“Recognizing that my calling had been given by God, James, Peter, and John — the pillars of the church — shook hands with me and Barnabas, assigning us to a ministry to the non-Jews, while they continued to be responsible for reaching out to the Jews. The only additional thing they asked was that we remember the poor, and I was already eager to do that.”
I have been intrigued by that last sentence about remembering the poor when defining a purpose. Paul is saying that the calling he had to go to Asia-Minor, Greece, Italy, etc., was fully endorsed by the Church leaders … but they made one significant request: to remember the poor. That’s fascinating to me. There are many things the Church leaders could have placed as conditions on Paul’s work. But they only made this one concern a focus. And Paul endorses it with passion by saying, “I was already eager to do that.”
So what is happening here? Simply stated, the most significant theologian in Church history, the most renowned missionary of the Church, and the most prolific writer of the early Church leaders is being told that all of that is well and good…but don’t forget the poor. That’s important to realize as we shape our own missions. All good missions work will incorporate some aspect of remembering the needs of the least fortunate. It’s a profound insight into how service to the poor was so highly valued and embraced by the early church.
In a world where a billion people live on a dollar a day, one would be hard pressed to be a follower of Jesus and yet somehow forget the poor. Plus the rising importance of justice within an emerging generation almost mandates that we remember the poor or become irrelevant in our culture.
So how are we to remember the poor? Paul did so in a straightforward way, collecting funds from churches he visited then distributing those funds to the poor in Israel. And that simple “I was already eager to do that” displays the passion in which he pursued the idea.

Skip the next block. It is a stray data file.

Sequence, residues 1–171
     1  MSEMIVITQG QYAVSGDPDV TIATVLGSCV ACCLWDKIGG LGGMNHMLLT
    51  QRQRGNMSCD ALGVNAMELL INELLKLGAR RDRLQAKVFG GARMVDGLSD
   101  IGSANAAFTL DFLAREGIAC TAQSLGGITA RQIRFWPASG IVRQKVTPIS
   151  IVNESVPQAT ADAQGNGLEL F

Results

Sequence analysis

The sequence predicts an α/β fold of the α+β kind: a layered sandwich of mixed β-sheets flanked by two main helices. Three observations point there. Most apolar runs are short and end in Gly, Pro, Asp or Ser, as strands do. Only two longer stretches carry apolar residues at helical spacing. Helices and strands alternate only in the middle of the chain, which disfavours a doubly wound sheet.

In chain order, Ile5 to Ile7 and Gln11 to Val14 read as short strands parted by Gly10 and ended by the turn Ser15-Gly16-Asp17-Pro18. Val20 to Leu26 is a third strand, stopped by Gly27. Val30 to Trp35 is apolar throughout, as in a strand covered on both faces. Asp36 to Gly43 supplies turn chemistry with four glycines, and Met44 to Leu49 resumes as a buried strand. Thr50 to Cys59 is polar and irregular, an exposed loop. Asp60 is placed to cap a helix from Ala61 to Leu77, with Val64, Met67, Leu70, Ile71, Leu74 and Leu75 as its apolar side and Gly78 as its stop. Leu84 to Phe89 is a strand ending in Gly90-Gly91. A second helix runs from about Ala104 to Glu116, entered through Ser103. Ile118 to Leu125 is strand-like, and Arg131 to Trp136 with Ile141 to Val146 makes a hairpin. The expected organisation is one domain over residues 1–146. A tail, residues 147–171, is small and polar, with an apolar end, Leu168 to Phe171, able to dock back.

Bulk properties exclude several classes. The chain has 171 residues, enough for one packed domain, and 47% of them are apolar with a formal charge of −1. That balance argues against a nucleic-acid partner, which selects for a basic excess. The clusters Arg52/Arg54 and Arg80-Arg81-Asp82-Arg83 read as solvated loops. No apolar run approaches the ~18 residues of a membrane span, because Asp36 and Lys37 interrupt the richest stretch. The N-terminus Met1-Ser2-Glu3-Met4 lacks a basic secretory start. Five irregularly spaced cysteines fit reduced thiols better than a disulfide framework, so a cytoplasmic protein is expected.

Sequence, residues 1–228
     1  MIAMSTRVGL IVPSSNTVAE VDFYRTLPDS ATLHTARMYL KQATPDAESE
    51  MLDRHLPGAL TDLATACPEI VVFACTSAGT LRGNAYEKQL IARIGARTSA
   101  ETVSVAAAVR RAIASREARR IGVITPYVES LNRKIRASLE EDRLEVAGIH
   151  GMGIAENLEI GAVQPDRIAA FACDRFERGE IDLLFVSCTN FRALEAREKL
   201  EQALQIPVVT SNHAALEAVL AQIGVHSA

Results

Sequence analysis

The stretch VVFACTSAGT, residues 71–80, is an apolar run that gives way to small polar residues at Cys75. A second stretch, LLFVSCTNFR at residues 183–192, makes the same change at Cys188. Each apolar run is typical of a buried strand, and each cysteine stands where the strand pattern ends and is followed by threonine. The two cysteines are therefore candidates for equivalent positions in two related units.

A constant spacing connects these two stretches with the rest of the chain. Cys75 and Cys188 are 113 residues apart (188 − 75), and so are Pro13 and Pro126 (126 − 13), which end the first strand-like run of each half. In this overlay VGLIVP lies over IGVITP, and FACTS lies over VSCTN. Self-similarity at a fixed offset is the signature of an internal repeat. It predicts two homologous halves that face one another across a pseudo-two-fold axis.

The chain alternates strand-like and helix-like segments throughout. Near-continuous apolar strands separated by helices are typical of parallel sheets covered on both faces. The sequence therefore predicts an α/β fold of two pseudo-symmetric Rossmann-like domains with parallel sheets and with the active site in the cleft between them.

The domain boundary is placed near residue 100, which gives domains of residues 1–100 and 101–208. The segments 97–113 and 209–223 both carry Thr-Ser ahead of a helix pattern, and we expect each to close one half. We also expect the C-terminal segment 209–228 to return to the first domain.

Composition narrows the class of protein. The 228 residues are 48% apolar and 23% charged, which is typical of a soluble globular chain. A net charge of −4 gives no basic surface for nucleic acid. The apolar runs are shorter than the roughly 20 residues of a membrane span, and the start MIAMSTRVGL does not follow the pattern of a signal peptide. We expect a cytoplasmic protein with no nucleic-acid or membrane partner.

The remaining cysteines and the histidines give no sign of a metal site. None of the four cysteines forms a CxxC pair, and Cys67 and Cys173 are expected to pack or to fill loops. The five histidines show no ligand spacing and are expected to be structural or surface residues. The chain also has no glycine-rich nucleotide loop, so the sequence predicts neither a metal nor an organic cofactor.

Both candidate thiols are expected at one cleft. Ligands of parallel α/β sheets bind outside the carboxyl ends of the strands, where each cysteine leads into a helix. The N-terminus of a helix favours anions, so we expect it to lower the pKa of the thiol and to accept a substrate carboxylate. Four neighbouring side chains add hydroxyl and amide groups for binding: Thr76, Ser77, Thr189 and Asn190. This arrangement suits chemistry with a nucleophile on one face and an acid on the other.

But an equally important part of remembering the poor is to know the poor. Even with his high standing and academic credentials, Paul seemed to truly understood the poor. You can see that in many of his writings that expressed gentle compassion. He almost certainly had friends in Israel who were poor (it was probably hard not to if you had any friends at all).
As my daughter Rachel often wisely points out, the poor deserve our very best. We need to prepare our minds to understand the factors that create poverty, prepare our hearts to wisely love the poor, prepare our spirits to connect with the poor, and prepare our strengths to go all out in serving the poor. This is not a hobby, not a one-time trip to lead VBS for a week, and is not to be taken lightly … you need to be educated academically, culturally, spiritually and socially to make a difference.
So the message is clear. As we go out into the world, we need to remember the poor. And the way to do that is to give generously in support of them, plus take time to know them, listen to them, understand them, and prepare ourselves properly to serve them.
Roy Goble is the owner of the family real estate investment firm Goble Properties. He is also the President of PathLight International, which serves at-risk youth by providing educational opportunities that integrate faith and learning. Roy is a Trustee of Westmont College, Chair of the Board for The SOLD Project, and is founder of several non-profit organizations. He and his wife D’Aun live in Pleasanton, California. You can read more about Roy at www.junkyardwisdom.com.